Bubba Wallace on Confederate flag ban protests: 'We won’t see cops pepper-spraying them and shooting them with rubber bullets'
Bubba Wallace is aware that people may continue to protest the ban on the Confederate flag from NASCAR. And he also understands that they have the right to do so peacefully.
The Cup Series race in Talladega on Monday was the first on the track and in the state of Alabama since NASCAR prohibited fans from hoisting the Confederate flag on the tracks on June 10. Some fans protested outside the route with the Confederate flag, and one group paid for a large flag to be hoisted across the route by a small plane on Sunday.
"It is the right to peaceful protests," said Wallace when asked about the protests. "It's part of it. But you won't see them on the racetracks where we have a good time with the new fans who bought their tickets and their favorite driver's clothes. You won't see it fly there. They just do a lot outside Noise. It's part of it. It's exactly what you see on the other side of everything that's going on in cities when they protest peacefully. But we're not going to see cops spraying them with pepper and rubber bullets shoot it down, right? "
Of course, Wallace's last line is a reference to police actions documented nationwide in social media posts and news videos during the largely peaceful protests after George Floyd's death in Minneapolis. The most notorious example is the violent way in which peaceful protesters were cleared from Lafayette Square near the White House so that President Donald Trump could take a photo with a Bible outside St. John's Episcopal Church.
This was in contrast to the scenes in Michigan and other states earlier this year during the coronavirus pandemic, when armed demonstrators expressed their refusal to follow home stay instructions and other rules to stop the spread of the coronavirus .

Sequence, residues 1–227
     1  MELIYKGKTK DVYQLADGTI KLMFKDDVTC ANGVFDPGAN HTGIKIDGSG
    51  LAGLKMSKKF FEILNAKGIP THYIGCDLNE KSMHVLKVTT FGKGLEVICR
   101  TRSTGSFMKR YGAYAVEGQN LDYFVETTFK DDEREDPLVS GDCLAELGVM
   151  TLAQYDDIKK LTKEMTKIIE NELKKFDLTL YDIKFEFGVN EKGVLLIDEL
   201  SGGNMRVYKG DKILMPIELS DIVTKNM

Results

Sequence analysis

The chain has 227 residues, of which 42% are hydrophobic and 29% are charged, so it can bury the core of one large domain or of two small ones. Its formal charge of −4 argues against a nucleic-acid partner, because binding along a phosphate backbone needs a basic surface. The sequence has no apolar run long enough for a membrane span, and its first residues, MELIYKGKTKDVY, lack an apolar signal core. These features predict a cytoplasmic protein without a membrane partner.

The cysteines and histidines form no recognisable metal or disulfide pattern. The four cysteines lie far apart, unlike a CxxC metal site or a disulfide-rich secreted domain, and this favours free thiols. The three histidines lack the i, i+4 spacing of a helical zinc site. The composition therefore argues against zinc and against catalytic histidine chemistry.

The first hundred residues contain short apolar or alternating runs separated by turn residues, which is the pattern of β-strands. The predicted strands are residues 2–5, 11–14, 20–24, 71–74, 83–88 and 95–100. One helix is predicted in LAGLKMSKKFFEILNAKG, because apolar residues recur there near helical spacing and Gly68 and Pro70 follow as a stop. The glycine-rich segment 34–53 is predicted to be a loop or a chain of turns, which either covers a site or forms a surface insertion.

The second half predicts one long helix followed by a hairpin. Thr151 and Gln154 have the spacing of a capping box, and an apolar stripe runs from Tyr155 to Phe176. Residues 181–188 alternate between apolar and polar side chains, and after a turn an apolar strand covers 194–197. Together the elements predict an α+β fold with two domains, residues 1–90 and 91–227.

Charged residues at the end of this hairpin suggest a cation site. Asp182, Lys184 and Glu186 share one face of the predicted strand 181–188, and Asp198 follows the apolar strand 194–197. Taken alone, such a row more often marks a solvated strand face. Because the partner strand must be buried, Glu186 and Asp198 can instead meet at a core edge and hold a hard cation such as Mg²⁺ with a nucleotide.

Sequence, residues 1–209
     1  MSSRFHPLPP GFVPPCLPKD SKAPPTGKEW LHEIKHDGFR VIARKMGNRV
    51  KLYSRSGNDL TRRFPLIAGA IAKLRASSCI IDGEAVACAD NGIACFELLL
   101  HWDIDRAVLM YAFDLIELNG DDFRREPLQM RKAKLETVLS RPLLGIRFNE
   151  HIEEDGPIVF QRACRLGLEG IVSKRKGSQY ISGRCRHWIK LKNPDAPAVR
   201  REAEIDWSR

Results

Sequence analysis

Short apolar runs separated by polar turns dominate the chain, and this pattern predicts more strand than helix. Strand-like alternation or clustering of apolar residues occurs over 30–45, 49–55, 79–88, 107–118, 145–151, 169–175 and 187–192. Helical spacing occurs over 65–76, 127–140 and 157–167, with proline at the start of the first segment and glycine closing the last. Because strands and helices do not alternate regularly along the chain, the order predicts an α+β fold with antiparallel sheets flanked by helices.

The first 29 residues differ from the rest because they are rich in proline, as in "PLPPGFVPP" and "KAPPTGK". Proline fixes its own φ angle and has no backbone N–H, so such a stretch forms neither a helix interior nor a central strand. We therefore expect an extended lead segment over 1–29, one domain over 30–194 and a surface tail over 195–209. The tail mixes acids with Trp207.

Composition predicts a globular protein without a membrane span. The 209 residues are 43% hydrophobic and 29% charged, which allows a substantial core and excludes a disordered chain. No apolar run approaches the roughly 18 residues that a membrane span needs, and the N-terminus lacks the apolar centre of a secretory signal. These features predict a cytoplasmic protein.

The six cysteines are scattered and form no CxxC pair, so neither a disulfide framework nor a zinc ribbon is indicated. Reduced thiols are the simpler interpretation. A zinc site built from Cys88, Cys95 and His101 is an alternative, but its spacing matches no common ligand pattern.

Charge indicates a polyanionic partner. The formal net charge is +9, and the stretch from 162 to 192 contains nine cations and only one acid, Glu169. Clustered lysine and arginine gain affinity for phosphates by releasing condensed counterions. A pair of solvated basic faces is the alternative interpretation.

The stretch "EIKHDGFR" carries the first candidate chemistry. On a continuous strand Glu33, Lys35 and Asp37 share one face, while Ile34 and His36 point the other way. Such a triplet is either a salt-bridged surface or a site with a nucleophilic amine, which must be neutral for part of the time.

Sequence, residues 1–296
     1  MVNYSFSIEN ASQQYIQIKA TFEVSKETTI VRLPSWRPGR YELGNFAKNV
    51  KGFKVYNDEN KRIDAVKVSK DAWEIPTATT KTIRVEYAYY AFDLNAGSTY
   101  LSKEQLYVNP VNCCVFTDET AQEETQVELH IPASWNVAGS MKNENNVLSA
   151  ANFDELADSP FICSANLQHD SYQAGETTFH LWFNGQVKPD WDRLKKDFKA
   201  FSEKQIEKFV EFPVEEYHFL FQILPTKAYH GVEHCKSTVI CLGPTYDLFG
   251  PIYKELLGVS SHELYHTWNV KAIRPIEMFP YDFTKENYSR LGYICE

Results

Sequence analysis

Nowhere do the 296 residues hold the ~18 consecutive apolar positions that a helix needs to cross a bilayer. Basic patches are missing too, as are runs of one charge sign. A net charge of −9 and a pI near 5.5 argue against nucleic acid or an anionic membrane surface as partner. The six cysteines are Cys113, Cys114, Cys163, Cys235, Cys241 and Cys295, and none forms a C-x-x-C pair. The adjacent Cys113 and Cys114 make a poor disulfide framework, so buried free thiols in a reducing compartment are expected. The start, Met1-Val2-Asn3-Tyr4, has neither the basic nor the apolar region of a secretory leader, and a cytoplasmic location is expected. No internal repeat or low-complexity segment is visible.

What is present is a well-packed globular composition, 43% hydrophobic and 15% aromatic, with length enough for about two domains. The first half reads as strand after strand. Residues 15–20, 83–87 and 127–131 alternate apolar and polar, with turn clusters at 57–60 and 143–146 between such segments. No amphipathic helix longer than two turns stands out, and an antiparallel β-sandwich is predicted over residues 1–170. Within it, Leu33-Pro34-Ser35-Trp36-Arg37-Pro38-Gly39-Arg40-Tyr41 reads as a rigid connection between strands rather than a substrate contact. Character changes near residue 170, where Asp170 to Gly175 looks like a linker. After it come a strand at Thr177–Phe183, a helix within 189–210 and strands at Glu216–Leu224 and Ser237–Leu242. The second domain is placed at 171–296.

Wallace drove a car to support Black Lives Matter the same day when NASCAR banned the Confederate flag. The NASCAR ban came two days after Wallace said NASCAR was supposed to prevent fans from flying the flag on tracks and three days after NASCAR had a moment of silence before its Atlanta Cup race.
Bubba Wallace and Richard Petty on Monday. (Photo by Chris Graythen / Getty Images)
"We will never silence them"
Wallace, the only black driver who drives full-time in NASCAR, has received a lot of vitriol in the past five days when NASCAR and federal investigators investigated the discovery of a noose in his team's garage. The FBI and U.S. attorney for the northern Alabama district said Tuesday that no charges would be brought since the noose had been in Wallace's garage stand since October.
Wallace never saw the noose on Sunday, the day it was discovered. He was informed about the snare by NASCAR President Steve Phelps. However, these annoying facts - and the fact that federal investigators said it was a noose - did not prevent a vocal group of opinion leaders from claiming that Wallace was part of an elaborate joke or set-up.
"I know that people will try to push me off the throne, on the pedestal that I stand on, on the same pedestal that I've been on for 16 or 17 years since I started," said Wallace. "Well, I'm fine. It's good. I love coming out and competing and having really good runs. It's just a motivation to go out and do really good races. We'll never silence them. You are afraid of themselves. They are afraid of change. Sometimes these are the people you can't help in the whole chaos of the world. They are the ones who need the most help. But you quickly realize that they are not about you care and I don't care about them. "
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Nick Bromberg is an author for Yahoo Sports.
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